Mayor Bypasses Commission, Claims Sole Authority to Nominate Charter School Trustee
Commissioner Howell Expresses Interest in Appointment, Wants More Discussion
Last updated 4/18/2021 at 12:51pm
Despite a recent change to the City Charter requiring more input from city commissioners on appointments, Mayor Eugene Fultz did not involve them and is bringing forth only one name for an opening on the Lake Wales Charter Schools Board of Trustees.
In an exchange at the end of an April 14 commission workshop, Fultz told commissioners the charter trustee position was “my spot” and he alone had the authority to choose. Commissioners could then vote to accept or reject his appointee, Fultz said.
Commissioner Terrye Howell, who served as the city representative on the charter trustees before Fultz was mayor, questioned the lack of input and why Fultz didn’t at least ask commissioners if they were interested in serving.
“The mayor does not have the sole authority to appoint someone on the charter school board,” Howell said. “A city commissioner is supposed to be on the board unless we agree to choose someone else who is not on the board. There should have been a discussion on who we would like to have before a name was brought up.”
Commissioners at their April 20 meeting will consider Fultz’s nominee, Marcus Kirby, who is transitional housing coordinator for the Lake Wales Care Center and a part-time associate pastor of High Point Church. Kirby served in the U.S. Navy for six years and has lived in Lake Wales for 15 years.
A retired public school teacher with more than 30 years’ experience, Howell said she has no problem with Kirby, but since this is a critical year with the charter schools choosing a new superintendent it might be better to have someone with more background in education. She said she herself is interested in possibly being considered for a one-year appointment. She also wants to know if either of the new city commissioners, Kris Fitzgerald and Daniel Williams, would be interested in serving.
Fultz’s last appointee to the city’s seat on the trustees, Becky Gaston, is resigning her position. After she called for the firing of Superintendent Jesse Jackson, Gaston was at the center of a firestorm of social media criticism and an online petition calling for her removal. Fultz said unlike Gaston, who gave him updates “on the side,” the city’s appointee would be expected to provide quarterly reports to the commission. Fultz was the city representative on the trustees before Gaston; he resigned to avoid a conflict of interest since the city and its Community Redevelopment Agency were in negotiations to donate or sell the old 1919 school property to the charter schools.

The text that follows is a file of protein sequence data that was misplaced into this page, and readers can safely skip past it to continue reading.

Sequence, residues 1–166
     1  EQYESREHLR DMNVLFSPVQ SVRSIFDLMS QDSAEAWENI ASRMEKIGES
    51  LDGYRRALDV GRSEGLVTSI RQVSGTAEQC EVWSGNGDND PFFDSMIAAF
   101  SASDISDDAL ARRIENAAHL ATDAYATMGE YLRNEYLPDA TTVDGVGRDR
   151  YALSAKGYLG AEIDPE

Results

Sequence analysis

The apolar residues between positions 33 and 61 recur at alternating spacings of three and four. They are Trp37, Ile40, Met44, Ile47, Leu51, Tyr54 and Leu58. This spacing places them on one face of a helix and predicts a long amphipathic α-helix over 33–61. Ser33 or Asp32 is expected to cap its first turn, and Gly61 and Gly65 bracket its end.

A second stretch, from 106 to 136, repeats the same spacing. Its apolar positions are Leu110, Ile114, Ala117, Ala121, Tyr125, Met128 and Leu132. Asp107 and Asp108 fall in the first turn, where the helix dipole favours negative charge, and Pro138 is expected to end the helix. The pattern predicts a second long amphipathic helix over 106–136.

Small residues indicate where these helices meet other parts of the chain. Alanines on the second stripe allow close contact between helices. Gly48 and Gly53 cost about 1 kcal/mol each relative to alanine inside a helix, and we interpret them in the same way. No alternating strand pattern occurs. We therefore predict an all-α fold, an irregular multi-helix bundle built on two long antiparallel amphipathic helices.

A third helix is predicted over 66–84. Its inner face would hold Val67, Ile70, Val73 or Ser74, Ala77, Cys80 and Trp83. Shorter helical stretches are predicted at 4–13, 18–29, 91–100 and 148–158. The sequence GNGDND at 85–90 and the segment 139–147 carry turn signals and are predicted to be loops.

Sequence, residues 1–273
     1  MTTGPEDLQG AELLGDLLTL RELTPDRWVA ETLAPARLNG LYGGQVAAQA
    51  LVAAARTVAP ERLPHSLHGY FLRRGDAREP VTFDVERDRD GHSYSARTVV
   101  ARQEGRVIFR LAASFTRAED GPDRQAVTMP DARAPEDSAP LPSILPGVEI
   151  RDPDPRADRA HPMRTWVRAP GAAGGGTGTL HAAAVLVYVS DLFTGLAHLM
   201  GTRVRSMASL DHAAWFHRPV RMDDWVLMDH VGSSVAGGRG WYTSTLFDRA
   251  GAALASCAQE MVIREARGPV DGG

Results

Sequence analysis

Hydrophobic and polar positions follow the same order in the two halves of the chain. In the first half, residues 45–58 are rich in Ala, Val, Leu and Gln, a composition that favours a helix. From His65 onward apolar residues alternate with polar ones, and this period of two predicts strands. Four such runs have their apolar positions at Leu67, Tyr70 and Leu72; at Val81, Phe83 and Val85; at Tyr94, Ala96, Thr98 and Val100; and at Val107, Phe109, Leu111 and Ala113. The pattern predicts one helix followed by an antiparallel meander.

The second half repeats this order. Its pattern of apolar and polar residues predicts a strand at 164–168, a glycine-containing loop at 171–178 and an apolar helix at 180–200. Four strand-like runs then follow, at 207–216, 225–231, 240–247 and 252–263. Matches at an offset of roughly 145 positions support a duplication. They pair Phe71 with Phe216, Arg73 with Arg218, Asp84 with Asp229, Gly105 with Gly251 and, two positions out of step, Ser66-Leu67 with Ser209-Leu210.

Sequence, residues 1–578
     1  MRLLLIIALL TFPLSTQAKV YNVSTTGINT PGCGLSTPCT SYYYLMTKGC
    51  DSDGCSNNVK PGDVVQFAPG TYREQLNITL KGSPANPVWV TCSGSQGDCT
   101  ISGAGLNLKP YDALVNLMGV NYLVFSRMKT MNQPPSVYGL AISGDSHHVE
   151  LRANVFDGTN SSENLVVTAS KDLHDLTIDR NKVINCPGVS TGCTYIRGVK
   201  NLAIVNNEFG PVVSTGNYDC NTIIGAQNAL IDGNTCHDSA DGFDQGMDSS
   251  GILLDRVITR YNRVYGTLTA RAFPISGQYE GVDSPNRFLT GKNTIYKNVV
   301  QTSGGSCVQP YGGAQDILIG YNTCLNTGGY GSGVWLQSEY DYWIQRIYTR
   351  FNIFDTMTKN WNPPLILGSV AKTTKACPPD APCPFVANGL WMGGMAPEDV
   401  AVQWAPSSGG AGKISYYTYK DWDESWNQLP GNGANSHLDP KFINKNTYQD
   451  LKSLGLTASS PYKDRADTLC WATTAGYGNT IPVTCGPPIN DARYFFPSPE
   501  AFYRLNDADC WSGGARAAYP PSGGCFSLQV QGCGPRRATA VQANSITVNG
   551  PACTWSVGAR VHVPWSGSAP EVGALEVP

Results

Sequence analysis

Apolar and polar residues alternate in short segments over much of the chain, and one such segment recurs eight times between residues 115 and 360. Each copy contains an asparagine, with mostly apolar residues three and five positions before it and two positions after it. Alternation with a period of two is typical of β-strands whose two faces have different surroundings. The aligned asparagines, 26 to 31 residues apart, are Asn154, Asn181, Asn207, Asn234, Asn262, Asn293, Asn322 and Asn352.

“I wanted once again to reach out and get someone who had not been on the school board of directors before, who would be going in with a clean slate that would be going in without any preconceived notions or ideas about the system,” said Fultz. Kirby’s wife teaches first grade at a charter school, Polk Avenue Elementary, and three of their five children are currently students in the system.
“All of the shakeup and all of the stuff that’s happened there thus far in the charter school system with Mr. Jackson leaving and the selection of a new Lake Wales Charter Schools superintendent, I didn’t want a prior person going in because that could start a controversy,” said Fultz, explaining why he did not consider former Trustee Chairman Jimmy Nelson, who has expressed interest in the appointment.
City Attorney Chuck Galloway sent out a memorandum the day after the workshop, indicating the charter school bylaws call for the city commission to make the appointment, and suggesting commissioners submit potential nominees to the city clerk to forward to the mayor for consideration.
He included the wording of the new Charter amendment, approved by voters April 6: “The mayor, in conjunction with the city commissioners, will make appointments to the various citizen advisory and regulatory boards, commissions, committees and authorities. Each of the commissioners may suggest individuals for appointment and the appointments will be made by the mayor with the advice and consent of the city commission.”
At the end of the workshop, Fultz confirmed he would be leaving office in 2022 and said if commissioners continued to take authority from the mayor they should consider going back to a system where they rotated into the mayor’s seat.
“Whoever sits in this mayor seat, I hope everybody will give them the same respect that I’ve had since I’ve been here and not try to take away too much responsibility from them. Because they’re running citywide for this seat they should have a little more say as to what’s happening up here than just a regular commissioner,” said Fultz. “If they don’t have any more say then a regular commissioner, go back to the rotation, because that’s what you were doing. I hope you will give them the opportunity to be the mayor and not take away everything that they possibly can do to make thing better.”
City commissioners also are elected citywide, but must live in the district they seek to represent.
After the meeting Fultz was heard to say if Howell wanted to be mayor she should run for the position.